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There is a significant risk of conflict in the South China Sea

It has been confirmed that the Chinese President Xi Jinping will make an official visit to the United States in September, his first since assuming the presidency in March, 2013. The visit was announced last February after a telephone conversation between President Obama and President Xi and the confirmation came after the two leaders lately talked again on the phone discussing the visit final arrangements and exchanging views on the newly-reached Iranian nuclear agreement.

Obama said that China has played a vital role during the negotiations and expressed gratitude for China’s contribution to the historic deal. In turn, Xi told Obama that China will continue a constructive co-operation with all parties to ensure the implementation of the Iran nuclear deal and the following UN resolution.

As far as China-US relations are concerned, the Chinese President said that the two countries have kept close contact with each other, steadily promoting their pragmatic co-operation in all fields and maintaining close communication and coordination on major international, regional and global issues. On the same note, Obama stated that the US and China can address global challenges such as climate change, economic development, and public health through mutual co-operation and joint effort.

These are, of course, goodwill statements ahead of the September summit while in reality the US and China remain at odds over many issues and particularly regarding China’s intention to control the whole South China Sea.

As stated in a white paper on military strategy released last May, the Chinese believe that this region is a vital part of their country and any attempt to disrupt this policy is considered a challenge to China’s security interests.

China claims nearly 90% of South China Sea and has already created seven artificial islands in the area of the Spratly archipelago to be used for military purposes raising the possibility of a military standoff in the region.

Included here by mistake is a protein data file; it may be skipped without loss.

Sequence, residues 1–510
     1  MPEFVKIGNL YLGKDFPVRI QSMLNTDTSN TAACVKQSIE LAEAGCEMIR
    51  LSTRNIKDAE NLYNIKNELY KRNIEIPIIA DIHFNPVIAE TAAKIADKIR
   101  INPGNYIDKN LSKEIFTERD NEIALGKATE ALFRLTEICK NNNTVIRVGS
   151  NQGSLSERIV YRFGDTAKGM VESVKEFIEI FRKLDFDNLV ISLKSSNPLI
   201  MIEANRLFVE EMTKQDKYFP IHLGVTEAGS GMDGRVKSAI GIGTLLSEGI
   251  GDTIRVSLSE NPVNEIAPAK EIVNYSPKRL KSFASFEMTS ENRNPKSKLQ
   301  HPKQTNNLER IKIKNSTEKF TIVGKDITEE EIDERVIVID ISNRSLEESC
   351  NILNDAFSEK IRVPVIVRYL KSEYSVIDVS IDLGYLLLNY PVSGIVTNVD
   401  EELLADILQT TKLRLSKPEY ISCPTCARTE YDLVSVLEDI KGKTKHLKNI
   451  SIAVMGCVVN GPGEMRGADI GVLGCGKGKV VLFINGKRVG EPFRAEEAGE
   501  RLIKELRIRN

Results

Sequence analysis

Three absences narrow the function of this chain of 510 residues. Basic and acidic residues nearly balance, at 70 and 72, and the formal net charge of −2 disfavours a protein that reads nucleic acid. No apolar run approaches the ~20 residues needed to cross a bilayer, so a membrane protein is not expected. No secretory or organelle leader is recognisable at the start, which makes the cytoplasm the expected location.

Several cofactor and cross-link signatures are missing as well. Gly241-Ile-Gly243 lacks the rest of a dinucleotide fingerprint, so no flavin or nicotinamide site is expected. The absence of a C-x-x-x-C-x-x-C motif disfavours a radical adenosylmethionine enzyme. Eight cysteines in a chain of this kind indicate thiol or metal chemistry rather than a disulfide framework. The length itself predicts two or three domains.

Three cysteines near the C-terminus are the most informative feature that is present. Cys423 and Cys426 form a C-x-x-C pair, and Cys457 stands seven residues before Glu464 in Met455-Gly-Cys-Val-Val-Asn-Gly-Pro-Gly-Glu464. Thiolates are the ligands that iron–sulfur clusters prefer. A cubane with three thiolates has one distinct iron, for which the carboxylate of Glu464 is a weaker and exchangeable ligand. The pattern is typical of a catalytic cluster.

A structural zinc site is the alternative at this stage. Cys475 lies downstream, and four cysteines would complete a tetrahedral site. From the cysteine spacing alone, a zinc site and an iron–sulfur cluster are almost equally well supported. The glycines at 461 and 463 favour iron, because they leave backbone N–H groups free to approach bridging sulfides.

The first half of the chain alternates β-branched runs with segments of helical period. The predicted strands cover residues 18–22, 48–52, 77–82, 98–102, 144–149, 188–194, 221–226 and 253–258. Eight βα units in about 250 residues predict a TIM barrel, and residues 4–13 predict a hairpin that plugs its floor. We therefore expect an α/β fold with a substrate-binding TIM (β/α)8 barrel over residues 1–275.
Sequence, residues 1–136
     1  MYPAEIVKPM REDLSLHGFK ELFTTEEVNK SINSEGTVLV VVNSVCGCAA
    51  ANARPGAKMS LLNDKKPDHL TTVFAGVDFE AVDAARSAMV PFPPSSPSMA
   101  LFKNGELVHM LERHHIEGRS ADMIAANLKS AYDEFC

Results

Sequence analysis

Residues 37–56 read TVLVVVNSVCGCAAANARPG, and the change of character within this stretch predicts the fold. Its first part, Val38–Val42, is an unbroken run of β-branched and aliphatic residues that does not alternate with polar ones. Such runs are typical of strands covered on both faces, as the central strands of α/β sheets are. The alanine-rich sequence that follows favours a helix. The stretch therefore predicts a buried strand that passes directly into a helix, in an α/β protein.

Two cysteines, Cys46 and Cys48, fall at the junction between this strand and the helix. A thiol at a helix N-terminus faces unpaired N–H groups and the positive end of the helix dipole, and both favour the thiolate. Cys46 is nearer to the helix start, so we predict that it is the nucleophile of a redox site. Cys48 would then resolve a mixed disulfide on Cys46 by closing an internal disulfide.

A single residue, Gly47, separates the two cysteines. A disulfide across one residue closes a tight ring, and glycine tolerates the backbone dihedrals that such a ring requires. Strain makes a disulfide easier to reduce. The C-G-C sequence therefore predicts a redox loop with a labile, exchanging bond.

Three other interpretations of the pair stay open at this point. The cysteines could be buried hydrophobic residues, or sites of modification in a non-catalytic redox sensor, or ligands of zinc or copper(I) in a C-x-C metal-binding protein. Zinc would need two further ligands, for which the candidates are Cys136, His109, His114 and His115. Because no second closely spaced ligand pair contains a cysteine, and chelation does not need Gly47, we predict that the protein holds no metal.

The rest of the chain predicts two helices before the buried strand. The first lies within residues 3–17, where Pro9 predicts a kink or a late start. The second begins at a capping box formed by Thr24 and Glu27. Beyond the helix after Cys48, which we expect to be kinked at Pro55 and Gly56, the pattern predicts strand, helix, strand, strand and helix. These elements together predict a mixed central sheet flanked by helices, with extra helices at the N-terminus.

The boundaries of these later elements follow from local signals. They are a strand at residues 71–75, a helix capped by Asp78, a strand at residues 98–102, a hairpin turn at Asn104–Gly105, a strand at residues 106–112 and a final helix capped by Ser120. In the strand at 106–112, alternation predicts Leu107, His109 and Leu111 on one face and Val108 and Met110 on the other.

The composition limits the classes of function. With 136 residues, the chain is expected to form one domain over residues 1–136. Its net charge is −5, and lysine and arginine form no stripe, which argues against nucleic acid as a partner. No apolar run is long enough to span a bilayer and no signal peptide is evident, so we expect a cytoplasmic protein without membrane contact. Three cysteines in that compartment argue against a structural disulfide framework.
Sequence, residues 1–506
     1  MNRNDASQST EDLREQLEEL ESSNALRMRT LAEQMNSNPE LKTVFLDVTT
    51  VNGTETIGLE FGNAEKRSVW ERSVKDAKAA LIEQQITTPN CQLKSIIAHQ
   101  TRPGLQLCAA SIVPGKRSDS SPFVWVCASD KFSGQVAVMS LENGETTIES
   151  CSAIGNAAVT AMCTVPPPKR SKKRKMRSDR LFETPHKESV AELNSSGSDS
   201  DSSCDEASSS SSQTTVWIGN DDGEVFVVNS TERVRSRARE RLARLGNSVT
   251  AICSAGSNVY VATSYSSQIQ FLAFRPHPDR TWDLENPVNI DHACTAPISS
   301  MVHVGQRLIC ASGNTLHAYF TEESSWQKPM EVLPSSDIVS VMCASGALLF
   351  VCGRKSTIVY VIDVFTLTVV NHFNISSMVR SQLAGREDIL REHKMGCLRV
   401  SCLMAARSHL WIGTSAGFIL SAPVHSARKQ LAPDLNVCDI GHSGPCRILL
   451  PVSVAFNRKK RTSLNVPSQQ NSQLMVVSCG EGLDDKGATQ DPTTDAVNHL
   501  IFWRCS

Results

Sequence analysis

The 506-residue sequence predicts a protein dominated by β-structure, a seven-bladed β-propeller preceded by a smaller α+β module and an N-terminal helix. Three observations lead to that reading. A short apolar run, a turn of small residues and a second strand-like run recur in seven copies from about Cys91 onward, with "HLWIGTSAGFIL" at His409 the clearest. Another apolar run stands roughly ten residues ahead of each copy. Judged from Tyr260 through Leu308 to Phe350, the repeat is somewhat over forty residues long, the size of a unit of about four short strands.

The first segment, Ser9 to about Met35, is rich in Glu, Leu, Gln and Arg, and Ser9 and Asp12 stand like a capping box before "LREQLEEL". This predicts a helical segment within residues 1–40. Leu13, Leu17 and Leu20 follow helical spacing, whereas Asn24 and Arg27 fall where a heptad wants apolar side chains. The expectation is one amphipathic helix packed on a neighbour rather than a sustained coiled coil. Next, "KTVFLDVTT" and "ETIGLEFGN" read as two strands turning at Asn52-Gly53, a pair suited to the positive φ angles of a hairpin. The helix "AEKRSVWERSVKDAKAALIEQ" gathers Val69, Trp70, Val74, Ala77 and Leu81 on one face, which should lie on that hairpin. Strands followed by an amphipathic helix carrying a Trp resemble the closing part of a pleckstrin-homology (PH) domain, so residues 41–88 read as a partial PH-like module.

This posture risks escalating the tension in the South China Sea where the United States is determined to protect the interests of its allies like Taiwan and the Philippines. Recently, a US aircraft ignored repeated warnings from the Chinese military to fly a reconnaissance mission over the artificial islands.

Global Times, a newspaper run by the Chinese Communist Party, has suggested that China might have to 2accept» there would be conflict with the United States”.

If the United States’ bottom line is that China has to halt its activities, then a US-China war is inevitable in the South China Sea”, wrote the newspaper, which is seen as a mouthpiece of hard line nationalists in the Chinese government.

As a matter of fact neither Washington nor Beijing appear to be in the mood to back down and there is a serious risk that a minor incident in the airspace around the Spratly islands might escalate into a military confrontation. It is to be hoped that China will not misjudge the situation thinking that the US is a declining power and will not react if one of its observation aircrafts is shot down. Washington has too much at stake to let China do whatever she likes.